Republican presidential candidate and former New Jersey Gov. Chris Christie speaks at an annual leadership meeting of the Republican Jewish Coalition on Saturday, October 28.
CNN  — 

Former New Jersey Gov. Chris Christie will visit Israel on Sunday, which will make him the first Republican presidential candidate to visit the country since the October 7 Hamas attacks.

Christie, who has made US leadership on the world stage a focal point of his campaign, confirmed the trip, which was first reported by CNN, at a New Hampshire town hall Thursday.

The former New Jersey governor said he would meet with families of people kidnapped by Hamas, as well as Israel Defense Force soldiers and Israeli government officials.

He’s also scheduled to visit so-called Gaza envelope region in southern Israel, according to an itinerary of the trip shared with CNN.

Christie told reporters on Thursday that the Israeli government reached out last week to invite him to visit.

“They said they appreciated the things I was saying and the stance I was taking and if I was interested in coming over, they would be able to welcome me, and I made the decision to come,” he said.

CNN has reached out to the Israeli government for comment.

In what might have been a preview of his discussions this weekend with Israeli officials, Christie urged Israel from the debate stage Wednesday night in Miami to protect both its territorial integrity and the safety of its civilians and to ensure that “Hamas can never do this again.”

“The fact is that Israel and their intelligence community failed. They failed here, and they failed the people of the State of Israel,” he argued, saying the US needs to work closely with Israel to improve intelligence-gathering in the region.

He also encouraged Israeli leaders to “keep your eye on the ball,” in terms of working with “reasonable” Arab nations and isolating Iran in the Middle East.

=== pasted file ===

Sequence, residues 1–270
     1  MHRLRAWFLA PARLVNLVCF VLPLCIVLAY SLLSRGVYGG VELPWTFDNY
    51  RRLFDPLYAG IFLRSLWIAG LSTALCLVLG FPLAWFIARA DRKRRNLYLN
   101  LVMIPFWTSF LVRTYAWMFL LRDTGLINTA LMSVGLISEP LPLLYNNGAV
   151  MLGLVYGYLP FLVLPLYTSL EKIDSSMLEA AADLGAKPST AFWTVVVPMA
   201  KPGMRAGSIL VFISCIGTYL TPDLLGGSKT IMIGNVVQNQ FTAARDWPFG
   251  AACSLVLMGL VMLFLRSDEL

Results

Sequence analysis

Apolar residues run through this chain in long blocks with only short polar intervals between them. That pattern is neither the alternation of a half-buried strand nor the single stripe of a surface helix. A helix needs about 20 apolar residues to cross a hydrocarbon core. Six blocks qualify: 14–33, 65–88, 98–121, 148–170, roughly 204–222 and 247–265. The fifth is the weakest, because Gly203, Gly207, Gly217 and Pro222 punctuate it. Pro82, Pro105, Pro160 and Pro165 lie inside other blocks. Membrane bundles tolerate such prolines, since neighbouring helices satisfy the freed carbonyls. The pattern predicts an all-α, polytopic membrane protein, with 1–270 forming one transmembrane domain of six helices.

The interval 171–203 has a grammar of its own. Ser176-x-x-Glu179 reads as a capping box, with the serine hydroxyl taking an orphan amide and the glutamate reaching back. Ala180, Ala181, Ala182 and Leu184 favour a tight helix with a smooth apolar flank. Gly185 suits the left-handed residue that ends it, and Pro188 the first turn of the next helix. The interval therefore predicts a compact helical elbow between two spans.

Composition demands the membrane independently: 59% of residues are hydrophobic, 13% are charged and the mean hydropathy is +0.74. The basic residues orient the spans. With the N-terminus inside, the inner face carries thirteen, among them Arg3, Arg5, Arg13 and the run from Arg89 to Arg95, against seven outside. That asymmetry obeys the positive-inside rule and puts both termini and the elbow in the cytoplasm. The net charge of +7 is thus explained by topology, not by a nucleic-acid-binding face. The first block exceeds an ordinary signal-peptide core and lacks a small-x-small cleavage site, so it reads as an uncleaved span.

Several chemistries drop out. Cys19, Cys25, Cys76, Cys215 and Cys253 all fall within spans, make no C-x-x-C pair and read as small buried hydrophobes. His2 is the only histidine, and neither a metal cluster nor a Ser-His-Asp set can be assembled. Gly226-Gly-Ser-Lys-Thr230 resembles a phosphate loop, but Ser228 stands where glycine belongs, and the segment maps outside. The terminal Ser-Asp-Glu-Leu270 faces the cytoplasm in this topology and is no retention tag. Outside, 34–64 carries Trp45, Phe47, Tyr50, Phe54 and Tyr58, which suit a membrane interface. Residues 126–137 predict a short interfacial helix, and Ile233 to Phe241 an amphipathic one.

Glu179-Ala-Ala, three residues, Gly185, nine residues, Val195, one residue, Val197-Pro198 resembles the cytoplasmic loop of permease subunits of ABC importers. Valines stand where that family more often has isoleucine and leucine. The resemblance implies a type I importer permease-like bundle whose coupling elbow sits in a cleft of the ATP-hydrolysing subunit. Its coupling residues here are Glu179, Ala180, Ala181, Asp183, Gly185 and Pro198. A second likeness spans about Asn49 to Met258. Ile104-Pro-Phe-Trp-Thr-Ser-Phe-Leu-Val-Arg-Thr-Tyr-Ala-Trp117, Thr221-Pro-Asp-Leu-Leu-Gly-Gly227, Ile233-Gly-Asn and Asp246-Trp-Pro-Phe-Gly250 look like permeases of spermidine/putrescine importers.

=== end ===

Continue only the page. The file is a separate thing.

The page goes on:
Christie told CNN’s Anderson Cooper on Thursday he believes conversations about a two-state solution in the region “had to have stopped definitively” in the wake of the Hamas attacks, though he previously has expressed support for that ultimate outcome.

“I think there can’t be any discussion right now about a two-state solution until you dispose with Hamas’ ability to be able to bring that kind of terrorist attack again,” he said on “AC360.”

This will not be Christie’s first time in Israel – he visited the country in 2012 in his first foreign trip is governor.

Christie, who met with Ukrainian President Volodymyr Zelensky in Kyiv just months after launching his 2024 presidential bid, has made standing up to US adversaries abroad central to his vision for America and has distanced himself from rivals who are reluctant to provide aid to allies in wartime.

“This is the price we pay for being the leaders of the free world,” he said Wednesday, accusing China, Iran and North Korea of working to support Russia because “dictators work together.”

After he returns from Israel, Christie is expected to deliver a foreign policy address at the Hudson Institute on Wednesday and to further lay out his worldview.

President Joe Biden visited Israel last month in an extraordinary wartime trip to Tel Aviv, where he expressed his support for the country’s right to defend itself, as well as advocated easing civilian suffering in Gaza.

At the time, Christie said he thought it was “the right thing” for Biden to go to Israel and show “physical solidarity” with the US ally.

Since then, Israel has expanded its ground operations in Gaza, and growing political divides have erupted in the US and around the world over whether a ceasefire should be implemented.

The White House announced Thursday that Israel had agreed to move forward with daily four-hour pauses of military operations in areas of northern Gaza.

Christie previously told CNN he didn’t think a humanitarian pause in Israel’s ground invasion of Gaza would ultimately lead to American hostages being able to get out of the region.

“Look, I would think if we could get Americans out that would be a goal for us to reach, but I don’t think that would happen. I think what Hamas would want is not a pause. They would want a guarantee that Israel would not invade Gaza at all. And we can’t give them that guarantee because of the attack they perpetrated on October 7,” he said late last month.

This story has been updated with additional developments.